Day 5 – 14 years later (and a note to the young women in my life)

This has a slight trigger warning, so take care when reading.

He was an incredibly powerful man.. 14 years later the thought of what today, a day that marks the beginning of my life, a cause for celebration, has come to represent, still manages to physically reduce my now adult body to shakes and my mind to less than functional.   my desk at work was covered with flowers and birthday cards, my housemates made me breakfast,  my facebook wall and twitter feed are full of well wishes.  I have yet to reclaim them as anything other than reminders of a day I really cant, but want to, forget.  

On this day, November the 29th 1997,  I had friends from our neighbourhood  over and had volunteered to clean up our mess while mum returned them home.  We were just children, really. We knew absolutely nothing about anything but pretended we had all the knowledge we needed about everything. I think back on what life was like then. It was a voyage, from school, to drama and dance groups, to creative writing lessons and choir.  It was relatively simple. Except for the shadows my stepfather cast on the walls, the way he would loom over us with the ever present danger of something happening… And on that day, when we were alone, it did… he raped me.. I don’t remember the actual event in great detail, and if i did those details would most likely not be divulged here, but what I do remember is the violence, the anger, the brutality and the absolute sadistic disregard he had then, and continues to have, for my life, my personhood, and my rights as a young person.  It was then that  my whole world began to be shaped, my fragile sense of self was cracked, and is only now, at the age of 28 being rebuilt.  I equated men with exploitation, and developed a disdain for those in any sense of authority.  The police couldn’t help me, he was one of them.    So i learned, from that day, the only person I could rely on was me.  Even though my mind was fragmented, cut up into a thousand pieces, it was still mine. I used it to survive.  But even as smart as I was, I couldn’t help but feel I now had a secret. A secret that wasn’t shared with the girls i went to school with, a secret that set me apart from them.  It wasn’t untill 14 years later, I have begun to realize my power. My dignity, my human rights.  This is not the way any child’s life should have to be shaped, and for as long as I continue to live, I’m going to try and make sure we’re looking out for the people in our lives that cannot speak up for themselves.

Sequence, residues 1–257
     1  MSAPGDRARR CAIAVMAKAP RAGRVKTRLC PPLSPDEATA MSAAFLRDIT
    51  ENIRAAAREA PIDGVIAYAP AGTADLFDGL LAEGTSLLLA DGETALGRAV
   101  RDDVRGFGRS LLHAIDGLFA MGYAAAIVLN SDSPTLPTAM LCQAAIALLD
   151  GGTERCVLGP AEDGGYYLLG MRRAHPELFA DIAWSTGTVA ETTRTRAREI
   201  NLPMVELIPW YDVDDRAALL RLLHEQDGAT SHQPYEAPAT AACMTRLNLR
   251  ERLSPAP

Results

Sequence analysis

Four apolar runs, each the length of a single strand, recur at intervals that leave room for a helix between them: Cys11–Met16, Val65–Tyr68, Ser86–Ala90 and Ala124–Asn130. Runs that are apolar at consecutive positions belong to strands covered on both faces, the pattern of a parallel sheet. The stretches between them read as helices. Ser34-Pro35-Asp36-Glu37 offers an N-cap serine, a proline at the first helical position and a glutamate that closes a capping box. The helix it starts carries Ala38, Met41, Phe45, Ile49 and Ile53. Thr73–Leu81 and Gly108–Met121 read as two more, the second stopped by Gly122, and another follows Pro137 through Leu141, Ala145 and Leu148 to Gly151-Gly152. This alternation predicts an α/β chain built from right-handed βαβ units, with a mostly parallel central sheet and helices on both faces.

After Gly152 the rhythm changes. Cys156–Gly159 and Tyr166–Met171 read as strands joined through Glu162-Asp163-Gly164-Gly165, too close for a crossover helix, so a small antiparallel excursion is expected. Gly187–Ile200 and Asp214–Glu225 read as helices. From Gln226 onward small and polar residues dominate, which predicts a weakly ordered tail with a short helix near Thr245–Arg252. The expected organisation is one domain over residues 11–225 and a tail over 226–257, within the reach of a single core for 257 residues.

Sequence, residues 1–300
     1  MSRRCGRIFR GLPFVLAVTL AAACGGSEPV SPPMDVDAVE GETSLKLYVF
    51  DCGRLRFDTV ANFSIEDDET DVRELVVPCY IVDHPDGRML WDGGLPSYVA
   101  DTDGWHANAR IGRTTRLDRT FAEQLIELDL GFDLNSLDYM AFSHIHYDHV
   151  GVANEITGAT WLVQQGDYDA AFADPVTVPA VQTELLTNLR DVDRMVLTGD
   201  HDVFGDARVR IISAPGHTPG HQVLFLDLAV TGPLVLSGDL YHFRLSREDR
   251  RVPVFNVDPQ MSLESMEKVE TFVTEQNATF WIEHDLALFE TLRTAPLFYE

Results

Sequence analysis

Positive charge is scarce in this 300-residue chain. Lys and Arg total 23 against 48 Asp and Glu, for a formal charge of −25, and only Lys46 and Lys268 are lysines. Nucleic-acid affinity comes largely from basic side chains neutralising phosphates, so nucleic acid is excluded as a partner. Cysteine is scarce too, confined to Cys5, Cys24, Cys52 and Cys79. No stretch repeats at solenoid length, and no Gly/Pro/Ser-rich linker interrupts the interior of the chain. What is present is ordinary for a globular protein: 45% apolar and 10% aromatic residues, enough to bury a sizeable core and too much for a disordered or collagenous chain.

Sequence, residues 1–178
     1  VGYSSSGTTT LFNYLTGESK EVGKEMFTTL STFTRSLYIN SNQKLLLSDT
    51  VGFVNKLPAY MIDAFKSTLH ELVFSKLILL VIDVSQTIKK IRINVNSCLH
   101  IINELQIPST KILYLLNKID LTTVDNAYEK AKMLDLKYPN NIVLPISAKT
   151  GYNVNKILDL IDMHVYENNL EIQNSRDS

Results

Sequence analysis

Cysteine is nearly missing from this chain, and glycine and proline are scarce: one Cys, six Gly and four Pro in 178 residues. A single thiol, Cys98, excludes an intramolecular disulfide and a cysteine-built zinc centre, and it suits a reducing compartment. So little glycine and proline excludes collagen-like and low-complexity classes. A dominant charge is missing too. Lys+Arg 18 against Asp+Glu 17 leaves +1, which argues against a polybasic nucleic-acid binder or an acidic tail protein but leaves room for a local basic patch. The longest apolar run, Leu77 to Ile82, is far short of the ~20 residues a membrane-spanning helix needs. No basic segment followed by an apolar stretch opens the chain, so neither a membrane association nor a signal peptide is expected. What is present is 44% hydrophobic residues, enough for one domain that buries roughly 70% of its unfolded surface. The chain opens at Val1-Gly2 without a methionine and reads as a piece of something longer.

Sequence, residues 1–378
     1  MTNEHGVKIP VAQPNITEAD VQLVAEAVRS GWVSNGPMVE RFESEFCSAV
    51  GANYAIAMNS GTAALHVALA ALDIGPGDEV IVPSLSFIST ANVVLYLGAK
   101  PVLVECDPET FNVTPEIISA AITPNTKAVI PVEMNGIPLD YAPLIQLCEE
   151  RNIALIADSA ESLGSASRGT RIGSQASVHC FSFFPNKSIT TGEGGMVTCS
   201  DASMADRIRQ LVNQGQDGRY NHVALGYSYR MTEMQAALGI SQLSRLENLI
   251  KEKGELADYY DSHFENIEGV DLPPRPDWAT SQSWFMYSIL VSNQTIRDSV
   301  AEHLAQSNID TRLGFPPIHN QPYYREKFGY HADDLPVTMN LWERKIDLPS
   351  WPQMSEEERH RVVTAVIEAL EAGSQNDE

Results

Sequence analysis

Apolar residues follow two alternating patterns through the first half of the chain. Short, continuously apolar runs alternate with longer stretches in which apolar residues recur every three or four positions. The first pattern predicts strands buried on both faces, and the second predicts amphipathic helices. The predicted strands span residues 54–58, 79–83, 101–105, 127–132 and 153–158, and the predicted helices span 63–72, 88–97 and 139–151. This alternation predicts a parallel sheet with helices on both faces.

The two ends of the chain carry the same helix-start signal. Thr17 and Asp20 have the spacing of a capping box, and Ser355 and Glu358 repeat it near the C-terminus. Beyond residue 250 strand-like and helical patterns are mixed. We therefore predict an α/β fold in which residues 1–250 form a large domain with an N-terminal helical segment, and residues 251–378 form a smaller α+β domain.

I’d like to end with a note to the young women I have met, as a professional, activist, writer and friend.  If this is happening to you, understand that there are people out there who will respect, believe, and listen to whatever you choose to tell them. Your lives, souls, minds, and rights are of vital importance, way too important to be surrendered to anyone. You, most of all, as bad as you feel on the inside, are beautiful, powerful, and full of dignity.


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